we should be asking if it's in the public interest
This is a nitpick, but I'd rather ask if it's in any individual's interest.
I like to differentiate between "marketing" and "advertising." If you'll bare with me for one second: marketing, as I see it, is about trying to develop relationships with customers, present or potential, and provide them a solution to a problem they have. Advertising is one single tool that can be used as part of a marketing campaign.
As long as there is more than a single monopoly providing a given good or service then individuals really do need a way to become informed about alternatives and make decisions. I think that's where marketing comes in. And it doesn't have to be the company jumping in front of you, interrupting what you're trying to do in an attempt to get your attention. If you are, for example, shopping for a laptop you might ask your friends. If they have had a good experience with a given company, that's a form of marketing (marketing isn't trying to make a sale, it's trying to keep customers as well and get them to speak highly about their experiences). If you google "laptops" and read user reviews, maybe even go to a consumer review site, that's also marketing. And a good consumer review site will realize that people are there looking to buy things and instead of shoving ads in their face, will provide affiliate links in appropriate places so when someone decides to check out, say, "Dell Computers" the link they click on will provide a track-back to the consumer review site and the user will never think that they've just earned someone some ad revenue.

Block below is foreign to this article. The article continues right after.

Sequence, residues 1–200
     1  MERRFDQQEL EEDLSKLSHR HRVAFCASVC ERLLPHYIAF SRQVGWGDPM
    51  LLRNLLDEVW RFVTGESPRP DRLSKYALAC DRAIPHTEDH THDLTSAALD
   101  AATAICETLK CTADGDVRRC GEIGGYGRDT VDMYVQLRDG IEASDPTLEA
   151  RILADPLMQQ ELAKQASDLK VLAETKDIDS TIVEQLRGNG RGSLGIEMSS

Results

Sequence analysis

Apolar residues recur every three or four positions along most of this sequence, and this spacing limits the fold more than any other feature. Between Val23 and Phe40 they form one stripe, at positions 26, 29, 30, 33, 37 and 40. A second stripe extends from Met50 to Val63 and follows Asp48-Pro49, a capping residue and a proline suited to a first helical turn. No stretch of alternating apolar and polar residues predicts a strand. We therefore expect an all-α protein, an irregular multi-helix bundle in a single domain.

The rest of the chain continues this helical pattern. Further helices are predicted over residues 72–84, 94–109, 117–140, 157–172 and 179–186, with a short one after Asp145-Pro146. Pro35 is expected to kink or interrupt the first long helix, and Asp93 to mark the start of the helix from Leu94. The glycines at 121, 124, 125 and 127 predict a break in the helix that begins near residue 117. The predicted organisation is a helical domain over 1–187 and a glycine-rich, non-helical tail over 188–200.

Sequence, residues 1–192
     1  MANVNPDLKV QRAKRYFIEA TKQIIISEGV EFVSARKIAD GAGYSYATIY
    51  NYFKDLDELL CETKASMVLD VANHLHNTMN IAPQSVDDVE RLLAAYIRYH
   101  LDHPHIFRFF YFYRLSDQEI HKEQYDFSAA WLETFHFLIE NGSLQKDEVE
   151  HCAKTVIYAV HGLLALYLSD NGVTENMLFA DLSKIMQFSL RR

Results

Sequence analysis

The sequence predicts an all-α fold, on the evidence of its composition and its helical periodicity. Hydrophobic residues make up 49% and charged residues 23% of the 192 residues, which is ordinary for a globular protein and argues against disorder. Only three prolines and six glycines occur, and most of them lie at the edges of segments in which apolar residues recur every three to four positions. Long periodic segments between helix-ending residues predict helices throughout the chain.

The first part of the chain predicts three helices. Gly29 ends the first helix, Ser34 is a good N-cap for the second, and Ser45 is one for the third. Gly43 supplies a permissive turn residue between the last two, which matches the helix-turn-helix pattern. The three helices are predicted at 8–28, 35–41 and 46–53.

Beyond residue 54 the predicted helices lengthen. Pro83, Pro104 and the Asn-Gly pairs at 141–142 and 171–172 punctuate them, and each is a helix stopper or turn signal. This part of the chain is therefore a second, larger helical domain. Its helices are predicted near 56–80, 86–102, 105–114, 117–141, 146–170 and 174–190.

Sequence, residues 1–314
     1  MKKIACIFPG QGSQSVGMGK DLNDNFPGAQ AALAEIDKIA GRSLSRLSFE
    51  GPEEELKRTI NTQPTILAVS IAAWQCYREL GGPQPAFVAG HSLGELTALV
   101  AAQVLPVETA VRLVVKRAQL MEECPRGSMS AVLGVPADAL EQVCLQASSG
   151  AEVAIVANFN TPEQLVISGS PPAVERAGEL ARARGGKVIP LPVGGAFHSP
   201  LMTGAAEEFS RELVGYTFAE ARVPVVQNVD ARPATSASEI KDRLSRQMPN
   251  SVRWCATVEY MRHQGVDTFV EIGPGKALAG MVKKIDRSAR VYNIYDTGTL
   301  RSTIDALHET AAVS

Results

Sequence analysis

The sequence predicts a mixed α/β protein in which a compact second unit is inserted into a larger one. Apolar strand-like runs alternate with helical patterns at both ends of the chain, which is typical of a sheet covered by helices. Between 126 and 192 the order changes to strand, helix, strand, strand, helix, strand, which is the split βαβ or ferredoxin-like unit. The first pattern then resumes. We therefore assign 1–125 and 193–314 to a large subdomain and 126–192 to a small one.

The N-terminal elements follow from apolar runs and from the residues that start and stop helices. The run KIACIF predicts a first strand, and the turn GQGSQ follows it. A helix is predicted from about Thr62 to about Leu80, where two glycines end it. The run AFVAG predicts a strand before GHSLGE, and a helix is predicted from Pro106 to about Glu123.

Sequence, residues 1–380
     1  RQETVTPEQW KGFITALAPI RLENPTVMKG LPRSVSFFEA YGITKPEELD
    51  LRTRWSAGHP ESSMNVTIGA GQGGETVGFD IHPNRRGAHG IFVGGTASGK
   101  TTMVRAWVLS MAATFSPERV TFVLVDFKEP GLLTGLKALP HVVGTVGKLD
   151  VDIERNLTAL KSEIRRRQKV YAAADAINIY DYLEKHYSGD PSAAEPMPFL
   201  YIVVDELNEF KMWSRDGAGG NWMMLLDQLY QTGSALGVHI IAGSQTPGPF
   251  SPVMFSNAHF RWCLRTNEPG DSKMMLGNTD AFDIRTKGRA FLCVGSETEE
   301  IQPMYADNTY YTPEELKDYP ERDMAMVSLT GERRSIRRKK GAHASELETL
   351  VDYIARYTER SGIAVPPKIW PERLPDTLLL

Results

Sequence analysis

I think there are a lot of crappy ads out there and companies that haven't the first clue how to market properly. I also think that advertising is necessary and "good." And us having this debate right now, and using ad block software etc. is also a "good thing" because it's how our opinions get shoved in the faces of advertisers. The good marketers will take notice and respond. They'll realize that making people happy in some way is the whole point of a business and that marketing is about informing choices. Not informing people who don't care, but people who are actively seeking that information.
Q: How many IBM CPU's does it take to execute a job? A: Four; three to hold it down, and one to rip its head off.